Working in the creative industry — whether it’s graphic design, advertising, copywriting, etc. — the greater the odds there will be days where you don’t feel like doing it anymore. What was once fun and challenging now feels empty and pointless. Creative burnout can happen to all of us, even those who don’t consider themselves naturally creative people. It’s normal for your creativity to ebb and flow, especially depending on factors like stress, sleep and work, as well as life issues.
While creative burnout used to be seen as something you simply fought your way through, the World Health Organization (WHO) has officially recognized it as an official medical condition in its International Classification of Diseases (ICD). WHO now defines burnout as “a syndrome conceptualized as resulting from chronic workplace stress that has not been successfully managed.” Included in the same update, burnout was categorized by feelings of energy depletion, increased mental distance to one’s job and reduced professional efficacy.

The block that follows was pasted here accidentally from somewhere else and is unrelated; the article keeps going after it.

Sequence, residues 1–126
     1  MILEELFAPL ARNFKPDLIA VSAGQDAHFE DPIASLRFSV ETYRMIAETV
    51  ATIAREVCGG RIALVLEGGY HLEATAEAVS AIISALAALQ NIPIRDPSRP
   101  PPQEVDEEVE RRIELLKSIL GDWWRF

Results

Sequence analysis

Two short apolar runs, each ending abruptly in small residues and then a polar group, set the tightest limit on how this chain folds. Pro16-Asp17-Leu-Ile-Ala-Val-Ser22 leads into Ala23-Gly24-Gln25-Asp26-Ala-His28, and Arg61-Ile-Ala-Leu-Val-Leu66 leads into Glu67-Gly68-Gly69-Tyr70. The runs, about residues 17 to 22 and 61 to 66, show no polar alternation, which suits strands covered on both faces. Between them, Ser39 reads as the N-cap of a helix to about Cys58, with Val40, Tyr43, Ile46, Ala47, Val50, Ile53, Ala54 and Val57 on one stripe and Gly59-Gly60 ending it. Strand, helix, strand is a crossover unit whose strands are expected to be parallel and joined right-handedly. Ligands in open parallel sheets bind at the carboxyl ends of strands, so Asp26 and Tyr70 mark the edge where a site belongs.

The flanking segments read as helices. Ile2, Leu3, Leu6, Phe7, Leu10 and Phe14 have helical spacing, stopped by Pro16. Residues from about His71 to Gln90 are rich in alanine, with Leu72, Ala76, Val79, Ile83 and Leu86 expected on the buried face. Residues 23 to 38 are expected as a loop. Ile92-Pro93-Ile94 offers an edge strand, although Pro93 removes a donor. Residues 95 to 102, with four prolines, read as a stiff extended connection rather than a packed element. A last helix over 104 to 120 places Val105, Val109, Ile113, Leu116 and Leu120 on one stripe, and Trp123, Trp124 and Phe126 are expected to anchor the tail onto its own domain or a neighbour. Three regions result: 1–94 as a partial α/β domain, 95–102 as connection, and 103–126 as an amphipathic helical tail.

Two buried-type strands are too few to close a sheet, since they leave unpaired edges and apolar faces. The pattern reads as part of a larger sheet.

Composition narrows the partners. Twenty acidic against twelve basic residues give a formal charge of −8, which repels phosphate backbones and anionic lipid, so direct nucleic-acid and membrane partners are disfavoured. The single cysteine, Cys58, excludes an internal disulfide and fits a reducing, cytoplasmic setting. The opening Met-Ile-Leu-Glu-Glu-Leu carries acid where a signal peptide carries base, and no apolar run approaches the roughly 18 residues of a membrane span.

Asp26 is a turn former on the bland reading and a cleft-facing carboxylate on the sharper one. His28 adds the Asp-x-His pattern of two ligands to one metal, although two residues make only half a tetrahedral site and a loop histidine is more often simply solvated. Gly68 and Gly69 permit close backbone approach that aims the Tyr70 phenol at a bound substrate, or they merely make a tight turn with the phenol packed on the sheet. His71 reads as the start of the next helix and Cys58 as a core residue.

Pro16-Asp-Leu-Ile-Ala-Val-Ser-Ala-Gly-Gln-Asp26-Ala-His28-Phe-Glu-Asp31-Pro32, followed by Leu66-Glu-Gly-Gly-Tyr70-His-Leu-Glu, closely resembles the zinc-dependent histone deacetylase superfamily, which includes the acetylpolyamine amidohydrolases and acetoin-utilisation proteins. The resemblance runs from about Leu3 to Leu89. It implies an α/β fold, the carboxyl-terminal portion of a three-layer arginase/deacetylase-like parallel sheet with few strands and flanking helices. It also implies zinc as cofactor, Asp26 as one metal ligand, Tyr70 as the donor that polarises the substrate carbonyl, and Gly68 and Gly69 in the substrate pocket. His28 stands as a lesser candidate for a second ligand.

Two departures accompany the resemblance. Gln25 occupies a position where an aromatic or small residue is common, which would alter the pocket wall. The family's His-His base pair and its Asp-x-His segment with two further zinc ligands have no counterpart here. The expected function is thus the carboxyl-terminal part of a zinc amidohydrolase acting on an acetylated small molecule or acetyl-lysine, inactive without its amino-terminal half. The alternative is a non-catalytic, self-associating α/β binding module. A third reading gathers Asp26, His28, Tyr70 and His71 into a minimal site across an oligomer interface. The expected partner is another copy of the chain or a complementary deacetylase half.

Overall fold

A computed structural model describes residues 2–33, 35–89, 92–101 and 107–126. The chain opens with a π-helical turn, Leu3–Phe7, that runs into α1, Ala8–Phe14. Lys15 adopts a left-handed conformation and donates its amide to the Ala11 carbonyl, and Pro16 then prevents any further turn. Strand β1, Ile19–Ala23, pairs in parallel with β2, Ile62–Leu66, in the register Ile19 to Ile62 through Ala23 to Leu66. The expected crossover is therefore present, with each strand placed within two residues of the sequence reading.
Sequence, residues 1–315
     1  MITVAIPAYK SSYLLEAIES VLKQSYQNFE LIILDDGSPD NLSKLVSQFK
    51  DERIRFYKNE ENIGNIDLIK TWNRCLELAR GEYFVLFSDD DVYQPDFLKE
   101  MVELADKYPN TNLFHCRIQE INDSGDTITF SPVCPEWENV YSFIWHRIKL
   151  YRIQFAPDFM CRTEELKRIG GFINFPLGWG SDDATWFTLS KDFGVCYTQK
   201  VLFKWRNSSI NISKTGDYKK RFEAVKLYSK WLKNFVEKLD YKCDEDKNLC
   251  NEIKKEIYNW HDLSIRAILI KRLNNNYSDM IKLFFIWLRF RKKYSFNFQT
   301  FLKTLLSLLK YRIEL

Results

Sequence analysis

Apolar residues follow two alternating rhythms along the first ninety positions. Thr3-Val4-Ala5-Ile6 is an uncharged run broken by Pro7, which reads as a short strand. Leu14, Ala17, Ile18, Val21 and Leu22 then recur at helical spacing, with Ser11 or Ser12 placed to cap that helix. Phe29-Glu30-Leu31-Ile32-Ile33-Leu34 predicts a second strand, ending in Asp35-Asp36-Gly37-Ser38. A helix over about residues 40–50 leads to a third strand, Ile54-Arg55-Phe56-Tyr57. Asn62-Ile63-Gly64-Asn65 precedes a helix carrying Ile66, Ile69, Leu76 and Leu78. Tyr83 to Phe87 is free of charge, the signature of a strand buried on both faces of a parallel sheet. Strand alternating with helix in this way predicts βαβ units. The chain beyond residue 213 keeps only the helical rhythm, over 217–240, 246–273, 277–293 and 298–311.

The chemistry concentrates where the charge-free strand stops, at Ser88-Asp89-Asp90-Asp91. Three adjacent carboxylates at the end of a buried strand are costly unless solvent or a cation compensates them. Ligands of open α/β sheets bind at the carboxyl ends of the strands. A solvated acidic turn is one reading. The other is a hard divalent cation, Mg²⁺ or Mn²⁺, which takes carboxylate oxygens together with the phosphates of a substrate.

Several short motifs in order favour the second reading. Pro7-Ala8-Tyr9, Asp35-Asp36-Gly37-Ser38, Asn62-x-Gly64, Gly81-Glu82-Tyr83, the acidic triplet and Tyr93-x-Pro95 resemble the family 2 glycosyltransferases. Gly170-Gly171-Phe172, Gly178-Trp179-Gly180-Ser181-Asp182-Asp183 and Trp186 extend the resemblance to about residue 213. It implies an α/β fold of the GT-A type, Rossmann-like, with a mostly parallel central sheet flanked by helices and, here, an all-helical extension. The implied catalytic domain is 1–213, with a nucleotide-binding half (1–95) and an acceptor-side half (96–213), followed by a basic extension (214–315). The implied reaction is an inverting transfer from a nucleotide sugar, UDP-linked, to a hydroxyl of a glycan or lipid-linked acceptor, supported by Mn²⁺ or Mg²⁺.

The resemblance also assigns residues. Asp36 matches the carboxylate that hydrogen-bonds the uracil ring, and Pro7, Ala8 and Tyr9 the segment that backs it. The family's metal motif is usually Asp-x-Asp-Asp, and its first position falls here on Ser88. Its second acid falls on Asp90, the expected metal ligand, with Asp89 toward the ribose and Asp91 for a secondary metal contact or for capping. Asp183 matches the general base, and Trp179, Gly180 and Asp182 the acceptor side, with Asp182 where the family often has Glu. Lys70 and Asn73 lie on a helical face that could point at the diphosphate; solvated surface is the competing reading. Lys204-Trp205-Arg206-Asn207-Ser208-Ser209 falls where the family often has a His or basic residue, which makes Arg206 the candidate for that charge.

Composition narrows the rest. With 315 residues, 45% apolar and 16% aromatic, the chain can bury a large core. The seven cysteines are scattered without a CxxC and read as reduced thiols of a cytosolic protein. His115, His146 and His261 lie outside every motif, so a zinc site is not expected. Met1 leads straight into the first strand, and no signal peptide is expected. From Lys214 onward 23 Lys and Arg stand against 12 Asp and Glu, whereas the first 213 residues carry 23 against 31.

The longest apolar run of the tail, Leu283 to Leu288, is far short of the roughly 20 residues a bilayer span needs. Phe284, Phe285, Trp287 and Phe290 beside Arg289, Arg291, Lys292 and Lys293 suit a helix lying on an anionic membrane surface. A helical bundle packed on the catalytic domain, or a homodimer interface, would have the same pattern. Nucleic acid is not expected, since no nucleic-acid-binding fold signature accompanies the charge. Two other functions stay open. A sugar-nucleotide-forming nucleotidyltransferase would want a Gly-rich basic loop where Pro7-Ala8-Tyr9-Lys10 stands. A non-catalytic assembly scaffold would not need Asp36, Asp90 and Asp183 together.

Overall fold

However, exercising your brain’s creative muscles can play a big role in maintaining your mental health. In fact, expressing yourself creatively can help you overcome trauma, improve your emotional wellbeing, and improve cognitive function. Regardless, stepping away from your desk both physically and mentally might be enough to provide a new perspective, not only on what you want to be doing but also on what you should stop doing.
The new WHO classification will take effect in January 2022, and includes other new mental conditions like compulsive sexual behaviour. It also recognizes video gaming as an addiction for the first time, including it on the same list as gambling and drug use. By making burnout a medical condition, it’s anticipated that it will be treated differently by doctors than typical stress at work.